US Army Corps of Engineers
Memphis District Website

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  • April

    Memphis District Hurley: Thawed out and ready to dredge

    During most off seasons, maintaining the Hurley takes a few months and a couple of crews to get everything done. This off-season was a bit different, as unexpected weather posed more obstacles than usual. Much of the south, including Memphis, Tennessee, was hit hard with frigid temperatures in mid-February this year. The last time Memphians experienced weather like this was in 1994.  From frozen pipes to no electricity, many people and structures were impacted by the icy weather, including the district’s Dredge Hurley.
  • March

    Associated General Contractors of America Event a success

    The Mississippi Valley Associated General Contractors of America (MVAGC) and the U.S. Army Corps of Engineers, Mississippi Valley Division (MVD) met for an event known as the Mississippi Valley Construction Roundtable, which was held in downtown Memphis, Tennessee, this year on Feb. 18 and 19. “The meeting between the Mississippi Valley Branch of the AGC and Mississippi Valley Division of the Corps of Engineers offers an opportunity for staff from the division headquarters and six districts to interact with our contracting partners who help us deliver our program,” Construction Branch Chief Jim Wolff said. “Through two key meetings (the Dredging Issues Roundtable and the Construction Specifications Session Roundtable), open communication, and frank discussion, we identify issues or problems related to dredging, construction, and contracting. These meetings offer member contractors an open forum to develop potential solutions to solve issues or problems.”
  • December

    Hurley docked after another successful dredging season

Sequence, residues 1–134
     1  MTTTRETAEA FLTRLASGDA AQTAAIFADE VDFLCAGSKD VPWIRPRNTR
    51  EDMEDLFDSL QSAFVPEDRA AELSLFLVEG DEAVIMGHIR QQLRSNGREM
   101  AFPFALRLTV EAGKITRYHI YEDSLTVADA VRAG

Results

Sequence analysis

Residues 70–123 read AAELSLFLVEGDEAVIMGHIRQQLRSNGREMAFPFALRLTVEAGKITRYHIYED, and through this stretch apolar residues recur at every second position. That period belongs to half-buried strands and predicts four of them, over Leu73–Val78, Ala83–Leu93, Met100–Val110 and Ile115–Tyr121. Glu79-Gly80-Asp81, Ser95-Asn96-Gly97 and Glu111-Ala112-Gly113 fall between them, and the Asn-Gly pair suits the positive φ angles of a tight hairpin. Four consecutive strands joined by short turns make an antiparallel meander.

After almost eight months of dredging the Mississippi River, the Dredge Hurley and crew are now home where the Hurley is docked at Ensley Engineer Yard for some much-needed repairs and maintenance.
  • August

    A look back: Williams' 30+ years of service

    "If you walk around this vessel, chances are you will find him working somewhere around here, even when he is off the watch," Dredge Hurley Assistant Master Tim Tucker said. "We sometimes have to make him stop to go to his room to relax after a long day. If some of the kids coming out of high school these days would show up with half of the work ethic that he has, we would really get a lot more done." Tucker is describing Curtis Williams, who is also known by many on the dredge as "Lil Wolf". Williams is the Dredge Hurley's ship keeper and has been with the U.S. Army Corps of Engineers for a little more than 30 years.
  • June

    Memphis Revetment Season in full swing

    The Memphis District Revetment season officially began this year on June 11, with District Commander Col. Zachary Miller hosting a kickoff meeting at the Ensley Engineer Yard to get things started. “Protecting the Mississippi River banks keeps the channel in place, which maintains the necessary depth and alignment that allows the thousands of tows to travel up and down the river year round,” the commander said. “Without this work, the river would shift resulting in new, shallow cutoffs that could not be safely traveled.”
  • January

    Memphis District: 2019 dredged up with a bang

    The Memphis District U.S. Army Corps of Engineers has several missions associated with the Mississippi River. One of the most important is to keep the river channel at a depth that allows the river barge industry to dependably transport goods up and down the river. To deliver on this charge, the Memphis District awarded a contract/task order in the amount of $7,987,200 to the Inland Dredging Company in April of 2019. On Dec. 23, 2019, Inland Dredging Co. completed all work with a total of 1,289,598 cubic yards of sediment dredged from all 10 Memphis District Harbors.